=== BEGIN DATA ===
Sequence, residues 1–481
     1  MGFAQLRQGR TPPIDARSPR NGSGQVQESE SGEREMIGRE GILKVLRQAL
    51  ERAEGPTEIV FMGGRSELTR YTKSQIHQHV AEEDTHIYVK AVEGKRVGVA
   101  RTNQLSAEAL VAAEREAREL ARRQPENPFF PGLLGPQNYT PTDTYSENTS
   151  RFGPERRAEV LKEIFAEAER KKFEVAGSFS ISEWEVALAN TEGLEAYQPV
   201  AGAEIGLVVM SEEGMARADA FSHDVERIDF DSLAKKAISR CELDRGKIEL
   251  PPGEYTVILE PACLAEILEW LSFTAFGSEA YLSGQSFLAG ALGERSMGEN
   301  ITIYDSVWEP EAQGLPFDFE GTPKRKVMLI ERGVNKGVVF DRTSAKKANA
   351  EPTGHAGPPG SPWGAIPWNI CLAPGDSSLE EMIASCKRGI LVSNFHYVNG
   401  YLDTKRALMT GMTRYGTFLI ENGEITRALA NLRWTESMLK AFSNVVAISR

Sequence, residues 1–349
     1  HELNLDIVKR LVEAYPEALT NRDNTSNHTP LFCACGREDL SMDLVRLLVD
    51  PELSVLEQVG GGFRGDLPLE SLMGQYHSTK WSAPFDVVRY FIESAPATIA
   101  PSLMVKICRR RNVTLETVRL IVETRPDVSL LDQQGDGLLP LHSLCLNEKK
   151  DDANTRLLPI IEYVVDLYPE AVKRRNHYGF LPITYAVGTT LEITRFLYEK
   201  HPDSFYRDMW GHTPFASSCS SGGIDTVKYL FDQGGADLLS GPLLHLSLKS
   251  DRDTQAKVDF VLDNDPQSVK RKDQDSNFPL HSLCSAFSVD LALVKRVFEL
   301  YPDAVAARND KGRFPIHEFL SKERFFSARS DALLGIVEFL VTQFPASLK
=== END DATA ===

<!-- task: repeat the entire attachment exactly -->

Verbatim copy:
Sequence, residues 1–481
     1  MGFAQLRQGR TPPIDARSPR NGSGQVQESE SGEREMIGRE GILKVLRQAL
    51  ERAEGPTEIV FMGGRSELTR YTKSQIHQHV AEEDTHIYVK AVEGKRVGVA
   101  RTNQLSAEAL VAAEREAREL ARRQPENPFF PGLLGPQNYT PTDTYSENTS
   151  RFGPERRAEV LKEIFAEAER KKFEVAGSFS ISEWEVALAN TEGLEAYQPV
   201  AGAEIGLVVM SEEGMARADA FSHDVERIDF DSLAKKAISR CELDRGKIEL
   251  PPGEYTVILE PACLAEILEW LSFTAFGSEA YLSGQSFLAG ALGERSMGEN
   301  ITIYDSVWEP EAQGLPFDFE GTPKRKVMLI ERGVNKGVVF DRTSAKKANA
   351  EPTGHAGPPG SPWGAIPWNI CLAPGDSSLE EMIASCKRGI LVSNFHYVNG
   401  YLDTKRALMT GMTRYGTFLI ENGEITRALA NLRWTESMLK AFSNVVAISR

Sequence, residues 1–349
     1  HELNLDIVKR LVEAYPEALT NRDNTSNHTP LFCACGREDL SMDLVRLLVD
    51  PELSVLEQVG GGFRGDLPLE SLMGQYHSTK WSAPFDVVRY FIESAPATIA
   101  PSLMVKICRR RNVTLETVRL IVETRPDVSL LDQQGDGLLP LHSLCLNEKK
   151  DDANTRLLPI IEYVVDLYPE AVKRRNHYGF LPITYAVGTT LEITRFLYEK
   201  HPDSFYRDMW GHTPFASSCS SGGIDTVKYL FDQGGADLLS GPLLHLSLKS
   251  DRDTQAKVDF VLDNDPQSVK RKDQDSNFPL HSLCSAFSVD LALVKRVFEL
   301  YPDAVAARND KGRFPIHEFL SKERFFSARS DALLGIVEFL VTQFPASLK